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Why Western Sahara matters

Western_Sahara_Project-SADR_flagLast week I was part of a delegation from the all-parliamentary Western Sahara group to visit the Moroccan-occupied territory, with John Hillary of War on Want and John Gurr of the Western Sahara resources group.

We held over 20 meetings with a wide range of groups of former prisoners, human rights campaigners, women’s organisations, disability groups and trade unions.

We also met the Morocco-appointed governor of the region as well as the mayor of the city of Laayoune and pro-Moroccan civil society groups, the Moroccan Human Rights group and Wolfgang Weisbrod-Weber, the head of Minurso, the UN mission set up to work for a referendum on Western Sahara independence.

So why does Western Sahara matter?

When the European powers divided up Africa in the late 19th century Spain became master of this vast area of mainly desert land, stretching from Algeria to the Atlantic and south to Mauritania.

From the 1950s colony after colony achieved independence. French influence on Morocco ended in 1956, though Mauritania and Algeria had to fight bloody wars for their own independence.

Spain finally withdrew from Western Sahara in 1975 after the death of fascist dictator General Franco.

But it handed administration of the territory to Morocco and Mauritania – sparking a war when Sahrawi national liberation front Polisario launched a bid to win self-determination.

Mauritania soon withdrew but Morocco did not and has occupied the country since. It built a sand wall around most of the territory ahead of a ceasefire in 1991. The landmines from the fighting will take another decade to clear.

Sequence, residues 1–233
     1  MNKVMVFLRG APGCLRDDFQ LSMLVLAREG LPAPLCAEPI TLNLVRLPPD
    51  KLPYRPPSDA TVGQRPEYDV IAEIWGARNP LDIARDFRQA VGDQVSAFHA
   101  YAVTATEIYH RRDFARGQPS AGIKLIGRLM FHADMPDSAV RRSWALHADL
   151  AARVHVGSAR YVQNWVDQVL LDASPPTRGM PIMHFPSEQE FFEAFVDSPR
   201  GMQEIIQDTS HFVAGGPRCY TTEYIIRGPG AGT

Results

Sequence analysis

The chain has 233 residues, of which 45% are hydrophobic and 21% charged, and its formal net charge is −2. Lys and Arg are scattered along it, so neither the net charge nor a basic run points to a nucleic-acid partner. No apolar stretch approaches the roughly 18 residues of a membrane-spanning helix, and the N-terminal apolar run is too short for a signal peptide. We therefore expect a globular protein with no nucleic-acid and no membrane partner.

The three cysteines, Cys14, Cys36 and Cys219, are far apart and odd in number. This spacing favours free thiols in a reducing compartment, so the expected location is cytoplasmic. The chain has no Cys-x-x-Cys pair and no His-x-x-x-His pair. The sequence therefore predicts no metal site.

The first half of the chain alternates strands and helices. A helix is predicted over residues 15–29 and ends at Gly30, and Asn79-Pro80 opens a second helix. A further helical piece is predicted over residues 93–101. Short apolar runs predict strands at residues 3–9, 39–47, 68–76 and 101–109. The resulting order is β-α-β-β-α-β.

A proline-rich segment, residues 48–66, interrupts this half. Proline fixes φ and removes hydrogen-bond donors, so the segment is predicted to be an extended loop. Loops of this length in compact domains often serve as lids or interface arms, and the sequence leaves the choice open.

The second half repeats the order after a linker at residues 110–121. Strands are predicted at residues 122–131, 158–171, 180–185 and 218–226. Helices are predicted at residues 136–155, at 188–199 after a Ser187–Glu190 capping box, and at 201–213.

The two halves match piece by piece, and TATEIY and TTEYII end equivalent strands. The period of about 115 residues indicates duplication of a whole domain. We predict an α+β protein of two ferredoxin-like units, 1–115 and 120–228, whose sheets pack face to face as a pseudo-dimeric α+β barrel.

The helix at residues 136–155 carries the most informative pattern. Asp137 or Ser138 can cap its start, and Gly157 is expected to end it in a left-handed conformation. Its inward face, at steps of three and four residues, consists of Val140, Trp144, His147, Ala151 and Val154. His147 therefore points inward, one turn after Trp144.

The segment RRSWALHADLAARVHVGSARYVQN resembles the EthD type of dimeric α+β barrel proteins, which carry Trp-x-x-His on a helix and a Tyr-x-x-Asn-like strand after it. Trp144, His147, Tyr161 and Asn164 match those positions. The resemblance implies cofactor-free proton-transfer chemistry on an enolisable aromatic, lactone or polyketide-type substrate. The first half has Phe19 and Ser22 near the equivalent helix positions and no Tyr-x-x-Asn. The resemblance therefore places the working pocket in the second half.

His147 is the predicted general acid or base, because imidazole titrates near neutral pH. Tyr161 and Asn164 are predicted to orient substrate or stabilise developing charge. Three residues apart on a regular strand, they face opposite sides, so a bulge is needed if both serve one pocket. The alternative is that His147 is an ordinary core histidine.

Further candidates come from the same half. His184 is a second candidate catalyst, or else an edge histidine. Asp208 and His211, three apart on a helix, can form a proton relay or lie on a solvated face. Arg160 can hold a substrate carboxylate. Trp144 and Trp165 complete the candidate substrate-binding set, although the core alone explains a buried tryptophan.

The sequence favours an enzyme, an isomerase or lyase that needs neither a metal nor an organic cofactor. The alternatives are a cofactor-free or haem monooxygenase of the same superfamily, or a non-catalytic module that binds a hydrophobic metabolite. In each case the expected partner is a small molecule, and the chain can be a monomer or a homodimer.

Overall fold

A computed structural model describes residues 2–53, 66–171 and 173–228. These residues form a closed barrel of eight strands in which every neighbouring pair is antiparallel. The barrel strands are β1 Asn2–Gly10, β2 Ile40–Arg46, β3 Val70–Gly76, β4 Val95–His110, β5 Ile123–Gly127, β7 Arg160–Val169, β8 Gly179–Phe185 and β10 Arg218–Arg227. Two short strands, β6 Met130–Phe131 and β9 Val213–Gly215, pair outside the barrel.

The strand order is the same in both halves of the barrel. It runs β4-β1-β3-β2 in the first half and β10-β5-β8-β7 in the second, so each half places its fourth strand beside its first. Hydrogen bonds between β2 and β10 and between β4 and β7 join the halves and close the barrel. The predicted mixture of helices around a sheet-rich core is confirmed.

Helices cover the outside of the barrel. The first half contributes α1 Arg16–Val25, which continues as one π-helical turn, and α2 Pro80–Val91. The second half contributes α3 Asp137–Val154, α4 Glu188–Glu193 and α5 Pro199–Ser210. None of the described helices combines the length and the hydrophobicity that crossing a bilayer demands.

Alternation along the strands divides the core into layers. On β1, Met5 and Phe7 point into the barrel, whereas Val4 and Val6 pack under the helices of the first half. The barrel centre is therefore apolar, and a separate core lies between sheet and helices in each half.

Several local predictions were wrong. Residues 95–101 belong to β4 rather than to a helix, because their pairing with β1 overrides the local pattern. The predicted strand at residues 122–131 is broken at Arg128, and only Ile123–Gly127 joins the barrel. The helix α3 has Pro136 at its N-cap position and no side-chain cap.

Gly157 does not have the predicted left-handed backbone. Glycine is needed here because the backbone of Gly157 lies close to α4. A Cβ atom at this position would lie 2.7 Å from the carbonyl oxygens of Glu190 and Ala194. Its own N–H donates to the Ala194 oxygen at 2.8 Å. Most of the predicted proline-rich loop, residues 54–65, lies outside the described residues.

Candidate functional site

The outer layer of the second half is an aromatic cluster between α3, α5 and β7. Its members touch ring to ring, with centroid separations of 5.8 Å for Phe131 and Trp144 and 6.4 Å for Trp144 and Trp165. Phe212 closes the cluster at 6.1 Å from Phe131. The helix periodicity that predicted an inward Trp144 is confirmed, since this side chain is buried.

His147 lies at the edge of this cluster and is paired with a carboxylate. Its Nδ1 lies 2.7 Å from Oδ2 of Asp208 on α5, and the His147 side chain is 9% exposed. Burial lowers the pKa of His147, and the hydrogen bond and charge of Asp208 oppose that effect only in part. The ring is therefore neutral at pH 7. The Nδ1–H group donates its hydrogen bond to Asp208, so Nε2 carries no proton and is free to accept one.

The UN set up Minurso, which still has offices in Laayoune as well as in Tindhouf, Algeria.

Years of negotiation over how a referendum on the territory’s future proved fruitless as Morocco and Polisario were unable to agree on an electoral roll.

The UN has since suspended its referendum plans.

Rabat asserts that the area should be an autonomous part of Morocco. Former US secretary of state James Baker suggested a compromise, with a referendum on independence after 10 years.

Polisario reluctantly agreed, only for the proposal to be rejected by Morocco.

The majority of Sahrawis live in refugee camps in Algeria. There are 100,000 people stuck in camps in the Algerian desert, many of whom have been there since the 1970s.

The remaining Sahrawi population in the territory are now outnumbered by Moroccan settlers. Many now rely on the Moroccan state and para-state companies for work.

In legal terms the territory is a non-self governing territory, in other words occupied. That has been the reason for opposition to the EU’s fishing agreement with Morocco which allows Western Sahara fish to enter our shops.

Behind the dispute lie the national ambitions of Morocco and the huge mineral wealth of phosphates which stream out of the territory through Laayoune, as well as prodigious quantities of fish off the coast.

There are now increasing Moroccan farming activities around the other main city of Dhakla, with vast tomato plantations being established. Some of the products end up in our supermarkets.

The abuses of Western Sahara residents goes on. When we met representatives of the Collective of Human Rights Defenders of Western Sahara (Codesa) we heard of arbitrary arrests, the detention of young people and discrimination against those who speak in favour of self-determination.

Codesa president Aminatou Haidar was herself jailed for years – and kept blindfolded for four of them.

She has been nominated for a Nobel Peace Prize.

The president of the Sahrawi Phosphate Workers Union explained to us that in 1975 24,000 people, all Sahrawi, had worked in the industry, but now it was a tiny percentage of that and Sahrawis were on worse-paid jobs.